FOUND: ethereal spaghetti
Anton's, L'Industrie, Chef's Table at Brooklyn Fare, elevated slice shops, The Locavore Guide, Lower Highline, MORE
RESTAURANTS • FOUND Plate
Love and anchovies
In my early twenties, when I was cooking for one in the Boerum Hill walk-up I shared with my brother, I would often make this addictive, dead-simple pasta:
Heat olive oil and sliced garlic in a pan. Add anchovies. Once the anchovies have melted, add spaghetti and a little reserved pasta water. Try not to eat it all in one sitting.
The spaghetti anchoiade at Anton’s in the West Village is a very grown-up version of this dish — silky and rich, the spaghetti cooked exactly right. It’s on my shortest list of favorite NYC dishes, and is best shared with a friend or loved one.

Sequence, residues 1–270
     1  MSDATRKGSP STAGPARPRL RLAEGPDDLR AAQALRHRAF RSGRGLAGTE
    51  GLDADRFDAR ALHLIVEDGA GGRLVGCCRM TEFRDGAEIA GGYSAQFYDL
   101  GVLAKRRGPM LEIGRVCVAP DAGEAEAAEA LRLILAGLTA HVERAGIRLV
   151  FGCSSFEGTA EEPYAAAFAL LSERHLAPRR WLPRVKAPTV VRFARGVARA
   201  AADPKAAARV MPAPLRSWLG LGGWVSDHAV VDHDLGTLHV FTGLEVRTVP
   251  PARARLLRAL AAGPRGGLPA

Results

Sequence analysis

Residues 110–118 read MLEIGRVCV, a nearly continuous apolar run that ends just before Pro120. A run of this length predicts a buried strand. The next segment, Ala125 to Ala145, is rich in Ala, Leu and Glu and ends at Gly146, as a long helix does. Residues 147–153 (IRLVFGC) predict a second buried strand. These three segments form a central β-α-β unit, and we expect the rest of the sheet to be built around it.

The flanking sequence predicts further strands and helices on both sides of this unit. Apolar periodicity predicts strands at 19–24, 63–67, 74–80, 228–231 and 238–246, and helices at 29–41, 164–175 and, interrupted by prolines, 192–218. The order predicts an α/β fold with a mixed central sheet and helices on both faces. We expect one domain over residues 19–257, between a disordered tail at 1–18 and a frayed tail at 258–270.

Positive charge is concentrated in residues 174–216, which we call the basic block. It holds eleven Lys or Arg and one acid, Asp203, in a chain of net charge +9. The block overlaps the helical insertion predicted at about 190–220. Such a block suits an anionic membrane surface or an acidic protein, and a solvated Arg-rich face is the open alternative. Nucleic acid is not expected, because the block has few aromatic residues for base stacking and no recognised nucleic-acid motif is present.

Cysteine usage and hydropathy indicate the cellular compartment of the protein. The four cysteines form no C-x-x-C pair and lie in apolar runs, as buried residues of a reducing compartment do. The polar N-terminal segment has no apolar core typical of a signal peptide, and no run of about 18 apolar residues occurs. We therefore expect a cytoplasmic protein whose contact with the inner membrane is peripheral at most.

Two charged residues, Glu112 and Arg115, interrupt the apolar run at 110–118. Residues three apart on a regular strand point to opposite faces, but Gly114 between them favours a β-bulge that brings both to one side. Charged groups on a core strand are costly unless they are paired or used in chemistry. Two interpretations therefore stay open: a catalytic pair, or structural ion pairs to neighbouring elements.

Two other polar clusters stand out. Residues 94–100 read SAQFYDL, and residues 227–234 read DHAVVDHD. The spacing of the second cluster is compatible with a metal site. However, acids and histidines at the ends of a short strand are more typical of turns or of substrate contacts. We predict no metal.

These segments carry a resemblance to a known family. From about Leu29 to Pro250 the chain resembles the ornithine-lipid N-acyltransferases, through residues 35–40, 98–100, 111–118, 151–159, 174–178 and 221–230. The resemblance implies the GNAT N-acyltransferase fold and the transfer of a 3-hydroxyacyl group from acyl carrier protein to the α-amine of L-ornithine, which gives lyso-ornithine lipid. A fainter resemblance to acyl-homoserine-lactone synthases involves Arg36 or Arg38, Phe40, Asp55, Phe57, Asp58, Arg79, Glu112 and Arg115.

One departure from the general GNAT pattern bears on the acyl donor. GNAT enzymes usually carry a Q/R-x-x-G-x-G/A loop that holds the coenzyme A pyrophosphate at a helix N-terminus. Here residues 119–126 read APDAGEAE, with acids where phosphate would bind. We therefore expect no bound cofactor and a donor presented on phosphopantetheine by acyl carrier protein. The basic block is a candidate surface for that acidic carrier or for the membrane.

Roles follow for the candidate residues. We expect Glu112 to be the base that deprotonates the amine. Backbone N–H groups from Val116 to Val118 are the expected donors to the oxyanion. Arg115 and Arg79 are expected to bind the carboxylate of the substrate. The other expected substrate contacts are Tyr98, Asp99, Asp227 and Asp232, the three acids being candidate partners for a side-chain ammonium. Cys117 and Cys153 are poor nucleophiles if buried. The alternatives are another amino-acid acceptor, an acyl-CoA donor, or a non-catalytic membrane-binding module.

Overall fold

Saturday night, my birthday, my wife and I ate it at the bar after a day spent driving to and from Port Jefferson for the memorial of an old friend who had died too young.
Anton’s opened in 2019 but feels like it’s been on the corner of Hudson and W. 11th forever. The space was once Frankies 570, and before that, Hudson Corner Cafe — a less ambitious neighborhood hang where my wife worked briefly as a waitress in her early twenties, newly arrived from Michigan. Not long after, the friend from Port Jefferson became her roommate. She’s the one who taught her how to be a New Yorker.
We considered other, more current options for dinner on our way back into the city that night. But we were tired and happily ended up on this perfect West Village corner, sharing this ethereal spaghetti that reminded us of walk-ups and waitress jobs and old friends. –Josh Albertson